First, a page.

A class act… or not?

Call me old-fashioned, but I like the word “classy,” even though I never gave it much thought before reading this blog last week.

Katy Waldman, in slate.com’s language blog, makes the case that there are more precise and less offensive alternatives. I’m still wrapping my head around the “offensive” part, but the other adjectives she suggests strike me as less precise, not more.

The great thing about the word “classy” is that it can combine meanings of proposed substitutes like “elegant” and “courteous.” When it’s used admiringly to describe someone’s behaviour, both style and intent are implicit.

But some people find the word classist and offensive, because its origin lies in a description of the upper class. I confess that – much as I dislike stereotyping – I have trouble seeing it. I believe that wealth and access to education aren’t necessarily correlated with class, and that lack of money and education don’t preclude it.

I don’t think “classic” means the same thing. But language evolves, and I may think differently in the future.

“Classy” has yet to fall into disuse. I’m sad to think that it might. What do you think?

 

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What I read on my way to Japan

I usually read at least one book when I’m away on vacation, and more often than not it’s fiction. But on my way to Japan for a two-week trip that began at the end of November, I started with The Life-Changing Magic of Tidying Up: The Japanese Art of Decluttering and Organizing.

Keeping my clutter manageable is an ongoing issue (it took five months after I was downsized to deal with my work stuff and get it out of my dining room).

So, naturally, I was drawn to this book when I read about it online in The New York Times.

The author is a 30-year-old Japanese decluttering guru who advocates a clean sweep approach to paring down your stuff: go through everything once and for all, and get rid of anything that doesn’t bring you joy.

She prescribes a category-by-category method (instead of room-by-room), and advises starting with clothes and working your way through categories that are progressively more difficult to make decisions about.

Her approach appealed to me, and felt natural: I’ve always liked to start with easy tasks, even when I was a student doing homework assignments. It’s kind of like warming up before a workout.

Also, I like her what-sparks-joy criterion. It makes the first few decisions easy, and gets the momentum going.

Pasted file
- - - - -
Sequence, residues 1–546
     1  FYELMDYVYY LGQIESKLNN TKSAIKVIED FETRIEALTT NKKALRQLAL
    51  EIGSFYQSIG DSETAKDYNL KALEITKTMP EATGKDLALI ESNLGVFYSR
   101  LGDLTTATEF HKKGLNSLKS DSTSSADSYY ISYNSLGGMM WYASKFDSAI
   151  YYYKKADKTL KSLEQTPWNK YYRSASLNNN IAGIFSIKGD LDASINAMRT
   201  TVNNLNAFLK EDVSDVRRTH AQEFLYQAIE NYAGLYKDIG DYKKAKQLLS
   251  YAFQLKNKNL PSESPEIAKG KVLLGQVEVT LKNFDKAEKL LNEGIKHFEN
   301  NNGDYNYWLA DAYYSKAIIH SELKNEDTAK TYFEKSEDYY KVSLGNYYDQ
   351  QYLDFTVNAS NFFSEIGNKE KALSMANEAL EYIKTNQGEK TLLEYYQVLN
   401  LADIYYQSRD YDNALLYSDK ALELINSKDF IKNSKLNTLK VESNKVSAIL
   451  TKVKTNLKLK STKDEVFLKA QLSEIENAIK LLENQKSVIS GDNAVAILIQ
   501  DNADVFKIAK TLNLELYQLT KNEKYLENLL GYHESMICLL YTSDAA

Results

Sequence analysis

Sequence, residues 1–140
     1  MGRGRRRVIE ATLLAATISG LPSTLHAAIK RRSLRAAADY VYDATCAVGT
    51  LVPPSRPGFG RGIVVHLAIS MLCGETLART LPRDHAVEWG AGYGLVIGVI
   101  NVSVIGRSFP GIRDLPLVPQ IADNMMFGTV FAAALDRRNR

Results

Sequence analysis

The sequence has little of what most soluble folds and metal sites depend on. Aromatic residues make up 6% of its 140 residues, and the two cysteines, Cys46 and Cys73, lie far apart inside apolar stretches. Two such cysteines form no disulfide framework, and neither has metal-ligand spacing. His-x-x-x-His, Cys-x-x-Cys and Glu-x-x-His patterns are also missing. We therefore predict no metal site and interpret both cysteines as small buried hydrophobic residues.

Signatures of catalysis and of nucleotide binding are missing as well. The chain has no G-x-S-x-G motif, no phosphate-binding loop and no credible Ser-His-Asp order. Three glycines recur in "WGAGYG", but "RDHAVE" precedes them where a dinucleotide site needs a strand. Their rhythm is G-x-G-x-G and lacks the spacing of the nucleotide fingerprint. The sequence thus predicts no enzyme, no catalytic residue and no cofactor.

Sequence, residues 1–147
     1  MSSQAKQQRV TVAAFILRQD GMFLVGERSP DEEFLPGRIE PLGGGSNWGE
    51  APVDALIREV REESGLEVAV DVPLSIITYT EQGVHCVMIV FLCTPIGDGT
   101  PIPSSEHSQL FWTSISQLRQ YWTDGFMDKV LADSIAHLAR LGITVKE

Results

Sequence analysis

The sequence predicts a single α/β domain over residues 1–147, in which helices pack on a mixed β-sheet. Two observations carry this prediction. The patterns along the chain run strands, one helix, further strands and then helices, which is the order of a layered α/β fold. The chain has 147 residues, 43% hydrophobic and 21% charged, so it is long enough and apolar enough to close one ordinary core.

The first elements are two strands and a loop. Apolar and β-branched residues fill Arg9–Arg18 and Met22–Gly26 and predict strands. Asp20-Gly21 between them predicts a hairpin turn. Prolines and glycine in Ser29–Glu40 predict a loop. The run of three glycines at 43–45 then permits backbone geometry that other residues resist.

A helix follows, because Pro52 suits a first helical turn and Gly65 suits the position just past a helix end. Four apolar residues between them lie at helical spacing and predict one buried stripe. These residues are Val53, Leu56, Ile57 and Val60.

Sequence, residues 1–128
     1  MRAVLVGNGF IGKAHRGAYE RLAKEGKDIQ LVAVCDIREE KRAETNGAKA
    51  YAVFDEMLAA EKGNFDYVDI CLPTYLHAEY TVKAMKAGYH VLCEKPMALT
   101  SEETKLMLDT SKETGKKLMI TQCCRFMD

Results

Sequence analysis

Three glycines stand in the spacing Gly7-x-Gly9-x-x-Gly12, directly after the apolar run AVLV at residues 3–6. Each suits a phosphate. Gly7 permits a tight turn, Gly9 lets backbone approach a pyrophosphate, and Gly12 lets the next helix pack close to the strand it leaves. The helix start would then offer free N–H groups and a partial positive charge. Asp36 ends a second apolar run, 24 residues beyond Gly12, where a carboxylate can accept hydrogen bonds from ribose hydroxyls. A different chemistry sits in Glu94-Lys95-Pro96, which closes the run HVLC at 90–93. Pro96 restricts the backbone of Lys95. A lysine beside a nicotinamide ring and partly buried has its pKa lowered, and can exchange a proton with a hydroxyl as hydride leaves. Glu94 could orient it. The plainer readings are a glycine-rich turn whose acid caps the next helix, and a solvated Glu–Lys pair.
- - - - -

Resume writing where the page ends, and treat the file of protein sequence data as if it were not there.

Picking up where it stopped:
I started going through my clothes this past weekend, even though there are always so many things to do after a trip that I wondered if I should wait.

But I realized that editing your possessions after a trip makes sense. You have to make the same kind of decisions before you go away, ideally packing only what you need. If you do it right, you realize you can get by very well without everything you have at home. So you’re already in the right mindset.

Reading the book on the plane to Japan provided a low-key introduction to some aspects of Japanese culture that only became apparent once I was there. As a North American, I found it strange that Marie Kondo, the author, anthropomorphizes her possessions, treating them as if they have feelings.

But when I learned more about the Shinto religion, particularly the belief that everything has a spirit, the book just seemed more “Japanese.” On a day trip to Mount Fuji, for example, a guide told us that in the samurai period, people believed the mountain would get angry and erupt if women climbed it.

Kondo places a lot of emphasis on how to fold clothes, an allusion not just to origami and the proper folding of a Japanese kimono, but to folding as an inherent part of Japanese culture, something I noticed in the wrapping of purchases.

I feel as if my new organizing project is an outgrowth of my trip. It will be interesting to see where it takes me. According to Kondo, some of her clients have found new career focus (and even new life focus) after organizing their homes. Getting rid of items like books that no longer reflect current passions can make evident what is most important, because that’s all that’s left. I guess that’s why “life-changing magic” is part of the title.